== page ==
With so many tempting meal options in the form of fast foods and convenience foods, even if you think you’re grabbing what you consider “healthy” choices off the shelves, you might not be giving your body the nutrition it needs. In fact, most women, men, and children in the United States indulge in diets that are “high-energy” (i.e., “high sugar”) but low in nutrition.
The lack of macronutrients, micronutrients, and phytonutrients in our diet is the main reason why chronic diseases have skyrocketed in recent decades. Only 27% of calories in the average US diet are from healthy and whole foods, such as fresh vegetables, fruits, high-quality sources of protein, and low-glycemic carbohydrates.
About half of US adults have a chronic disease, such as diabetes, that could be prevented or reversed by proper nutrition. Another third are overweight, which puts them at risk for life-threatening heart attacks, stroke, and some cancers.
Even if you’re at a healthy weight, you could score low in nutrients. Over time, nutrient deficiency takes its toll on all of your organs, general health, and sense of well-being.
Although we’re always happy to help you achieve and maintain a healthy weight at Low Testosterone & Weight Loss Center in Allen, Texas, we’re also dedicated to helping you achieve optimal nutrition. Our health specialists evaluate your diet and administer blood tests to determine if you lack key nutrients.
Are you unsure of whether your diet is keeping you nourished? Following are a few key signs that it may not be.
Your body needs the mineral calcium to perform a variety of functions, including building new bone cells to keep your bones strong and dense. Calcium also regulates your heartbeat and helps your muscles relax. Signs of calcium deficiency include:
To ensure you get the 1,000 mg of calcium that healthy adults need each day, eat a diet focused on calcium-rich foods, including cooked spinach and broccoli, bone-in canned sardines and salmon, and dairy products. You may also need to take a calcium supplement.
Hair loss is partly determined by genetics and is also affected by the aging process, particularly in a drop in essential hormones such as testosterone and estrogen. However, if you’re losing more than the usual 100 strands per day, you may have an iron deficiency.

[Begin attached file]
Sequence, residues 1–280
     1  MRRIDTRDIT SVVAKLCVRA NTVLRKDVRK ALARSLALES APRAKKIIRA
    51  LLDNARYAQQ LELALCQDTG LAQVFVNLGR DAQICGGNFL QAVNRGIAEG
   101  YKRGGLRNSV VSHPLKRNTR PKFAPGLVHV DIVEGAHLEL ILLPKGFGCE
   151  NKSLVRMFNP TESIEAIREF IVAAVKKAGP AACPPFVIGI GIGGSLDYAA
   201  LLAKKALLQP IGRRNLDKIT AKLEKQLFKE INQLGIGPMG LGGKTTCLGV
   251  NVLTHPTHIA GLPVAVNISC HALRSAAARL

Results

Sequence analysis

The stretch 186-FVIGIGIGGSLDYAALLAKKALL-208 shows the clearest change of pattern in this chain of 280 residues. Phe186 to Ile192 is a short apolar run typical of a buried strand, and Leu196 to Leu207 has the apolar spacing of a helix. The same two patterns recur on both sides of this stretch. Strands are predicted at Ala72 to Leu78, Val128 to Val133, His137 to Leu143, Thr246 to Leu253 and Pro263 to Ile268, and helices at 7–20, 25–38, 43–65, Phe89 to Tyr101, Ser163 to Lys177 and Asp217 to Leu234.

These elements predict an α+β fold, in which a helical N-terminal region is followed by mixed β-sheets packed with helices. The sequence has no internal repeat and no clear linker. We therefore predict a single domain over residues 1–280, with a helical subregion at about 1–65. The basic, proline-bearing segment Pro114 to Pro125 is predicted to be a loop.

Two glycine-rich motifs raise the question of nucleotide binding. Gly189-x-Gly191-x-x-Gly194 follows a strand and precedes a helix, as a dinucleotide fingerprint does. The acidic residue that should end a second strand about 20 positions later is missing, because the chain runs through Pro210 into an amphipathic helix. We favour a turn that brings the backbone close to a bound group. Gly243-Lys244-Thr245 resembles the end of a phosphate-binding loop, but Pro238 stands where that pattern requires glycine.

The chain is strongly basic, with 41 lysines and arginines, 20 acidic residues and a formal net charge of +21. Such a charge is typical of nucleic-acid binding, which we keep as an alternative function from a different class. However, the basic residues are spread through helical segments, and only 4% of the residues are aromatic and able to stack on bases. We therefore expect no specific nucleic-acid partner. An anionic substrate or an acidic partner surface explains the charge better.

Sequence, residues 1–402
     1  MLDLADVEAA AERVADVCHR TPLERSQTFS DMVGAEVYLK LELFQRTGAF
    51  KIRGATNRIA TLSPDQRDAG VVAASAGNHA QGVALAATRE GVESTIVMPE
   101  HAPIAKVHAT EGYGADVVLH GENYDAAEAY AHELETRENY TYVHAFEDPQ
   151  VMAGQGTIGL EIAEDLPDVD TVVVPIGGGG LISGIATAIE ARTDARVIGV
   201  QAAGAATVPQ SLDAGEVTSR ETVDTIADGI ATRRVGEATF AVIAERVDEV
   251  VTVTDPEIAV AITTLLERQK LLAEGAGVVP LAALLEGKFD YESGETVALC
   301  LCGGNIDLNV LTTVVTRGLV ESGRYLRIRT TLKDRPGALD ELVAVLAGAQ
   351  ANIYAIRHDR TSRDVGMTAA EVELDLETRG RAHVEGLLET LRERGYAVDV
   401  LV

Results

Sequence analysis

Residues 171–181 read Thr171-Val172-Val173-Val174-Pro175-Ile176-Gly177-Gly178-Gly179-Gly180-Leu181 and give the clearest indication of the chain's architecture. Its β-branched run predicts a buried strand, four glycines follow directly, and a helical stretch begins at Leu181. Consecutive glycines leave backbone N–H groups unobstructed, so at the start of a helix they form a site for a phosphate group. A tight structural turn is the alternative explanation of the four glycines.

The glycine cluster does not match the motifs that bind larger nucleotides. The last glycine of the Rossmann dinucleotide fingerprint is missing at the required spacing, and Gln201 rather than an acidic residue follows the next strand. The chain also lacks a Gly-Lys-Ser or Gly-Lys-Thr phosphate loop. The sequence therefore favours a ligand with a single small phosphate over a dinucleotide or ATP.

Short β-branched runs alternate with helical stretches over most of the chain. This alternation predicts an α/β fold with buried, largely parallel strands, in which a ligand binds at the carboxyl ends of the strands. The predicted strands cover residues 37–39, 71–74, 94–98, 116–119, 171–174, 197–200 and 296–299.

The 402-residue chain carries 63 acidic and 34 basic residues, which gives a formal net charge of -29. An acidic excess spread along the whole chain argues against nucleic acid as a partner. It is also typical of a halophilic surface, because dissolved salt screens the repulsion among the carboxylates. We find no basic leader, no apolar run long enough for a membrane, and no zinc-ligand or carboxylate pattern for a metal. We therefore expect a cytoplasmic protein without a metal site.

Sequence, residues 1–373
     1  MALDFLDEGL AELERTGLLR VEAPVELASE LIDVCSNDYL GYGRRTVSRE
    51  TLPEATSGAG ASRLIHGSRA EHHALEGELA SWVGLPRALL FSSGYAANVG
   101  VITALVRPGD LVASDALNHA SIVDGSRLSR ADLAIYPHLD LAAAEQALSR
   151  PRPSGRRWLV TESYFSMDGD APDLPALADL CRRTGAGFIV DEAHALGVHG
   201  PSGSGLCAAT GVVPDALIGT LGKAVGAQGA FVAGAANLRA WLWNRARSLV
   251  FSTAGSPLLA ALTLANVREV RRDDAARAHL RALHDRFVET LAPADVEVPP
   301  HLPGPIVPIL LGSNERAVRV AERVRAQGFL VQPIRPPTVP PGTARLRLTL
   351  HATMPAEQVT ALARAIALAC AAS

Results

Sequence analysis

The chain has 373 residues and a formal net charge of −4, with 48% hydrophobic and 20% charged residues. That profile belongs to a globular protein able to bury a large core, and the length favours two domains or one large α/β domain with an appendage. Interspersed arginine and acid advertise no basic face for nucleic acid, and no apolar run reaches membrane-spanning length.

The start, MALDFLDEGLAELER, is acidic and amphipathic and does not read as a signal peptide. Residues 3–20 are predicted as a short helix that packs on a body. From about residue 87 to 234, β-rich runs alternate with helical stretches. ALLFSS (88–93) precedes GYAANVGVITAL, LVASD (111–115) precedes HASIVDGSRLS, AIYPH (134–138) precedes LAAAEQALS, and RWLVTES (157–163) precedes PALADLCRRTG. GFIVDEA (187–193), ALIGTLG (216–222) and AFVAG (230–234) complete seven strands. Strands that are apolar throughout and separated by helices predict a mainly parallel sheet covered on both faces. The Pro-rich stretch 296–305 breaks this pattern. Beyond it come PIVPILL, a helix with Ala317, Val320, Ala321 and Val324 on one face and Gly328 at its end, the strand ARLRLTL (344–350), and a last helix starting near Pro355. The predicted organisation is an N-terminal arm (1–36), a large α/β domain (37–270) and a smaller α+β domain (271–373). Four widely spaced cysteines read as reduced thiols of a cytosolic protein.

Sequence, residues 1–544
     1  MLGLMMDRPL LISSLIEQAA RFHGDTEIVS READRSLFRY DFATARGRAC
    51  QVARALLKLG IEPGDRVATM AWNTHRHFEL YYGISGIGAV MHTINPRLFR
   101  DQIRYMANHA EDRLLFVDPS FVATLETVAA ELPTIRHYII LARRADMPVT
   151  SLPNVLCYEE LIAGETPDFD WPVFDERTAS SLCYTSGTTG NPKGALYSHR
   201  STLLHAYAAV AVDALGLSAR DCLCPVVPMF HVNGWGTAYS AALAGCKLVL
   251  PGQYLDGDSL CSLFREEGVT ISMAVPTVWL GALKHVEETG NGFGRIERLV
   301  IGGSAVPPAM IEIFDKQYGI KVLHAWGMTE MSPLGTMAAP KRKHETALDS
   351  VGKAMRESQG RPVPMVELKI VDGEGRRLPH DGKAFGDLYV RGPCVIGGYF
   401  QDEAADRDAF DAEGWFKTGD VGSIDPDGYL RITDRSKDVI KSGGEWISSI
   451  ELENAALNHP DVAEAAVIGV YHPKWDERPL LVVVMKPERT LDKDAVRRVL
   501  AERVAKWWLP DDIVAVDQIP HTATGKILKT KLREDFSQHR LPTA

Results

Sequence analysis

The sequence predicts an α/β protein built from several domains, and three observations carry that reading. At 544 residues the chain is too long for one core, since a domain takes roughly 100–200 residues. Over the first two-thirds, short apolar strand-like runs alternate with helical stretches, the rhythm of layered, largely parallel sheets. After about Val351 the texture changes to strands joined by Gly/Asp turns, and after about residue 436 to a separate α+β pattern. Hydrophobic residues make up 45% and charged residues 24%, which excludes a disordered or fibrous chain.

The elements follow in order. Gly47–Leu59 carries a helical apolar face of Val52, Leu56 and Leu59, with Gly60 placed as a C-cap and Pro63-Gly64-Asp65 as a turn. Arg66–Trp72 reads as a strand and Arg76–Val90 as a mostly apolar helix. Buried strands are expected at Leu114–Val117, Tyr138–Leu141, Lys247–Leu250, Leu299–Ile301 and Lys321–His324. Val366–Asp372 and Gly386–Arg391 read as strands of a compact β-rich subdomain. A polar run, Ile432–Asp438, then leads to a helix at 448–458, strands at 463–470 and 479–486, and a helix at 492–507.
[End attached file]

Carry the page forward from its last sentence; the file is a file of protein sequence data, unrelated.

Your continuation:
Your body needs iron for healthy thyroid function, too. Other symptoms that you’re deficient in iron include:
You can increase the amount of iron in your diet by eating beans, organ meats, and vegetables such as cooked spinach. If you’re severely iron deficient, a condition called anemia, we may put you on iron supplements for a few months until your levels normalize.
Your eyes need vitamins, particularly vitamin A. While carotene-rich foods, like carrots, help, you may need supplements to counteract symptoms of vitamin A deficiency, such as:
Vitamin A-rich foods include mangos, sweet potatoes, and apricots. Between diet and supplements, men should get 900 mcg of vitamin A per day, and women should get 700 mcg.
The nutrient vitamin B12 is essential to brain function. However, our bodies don’t make B12. We have to get it from food sources or supplements, such as:
Without enough vitamin B12, you can’t produce sufficient hemoglobin for your red blood cells, which carry oxygen to your organs. Symptoms of a B12 deficiency include:
Without treatment, vitamin B12 deficiency can cause permanent nervous system damage. We may recommend injections of vitamin B12 as well as daily supplements and dietary changes.
Many symptoms that people struggle with — including insomnia — are due to nutritional deficiencies, such as a lack of magnesium and other vitamins and minerals. For instance, vitamin C deficiency could cause bruising and bleeding gums.
Even if you don’t have symptoms, if you’re not sure about your nutritional status, come in for an evaluation. Once we determine which nutrients you lack, we recommend dietary changes and supplements. Contact our team at 469-912-2113 or use our online form to book a nutrition evaluation today.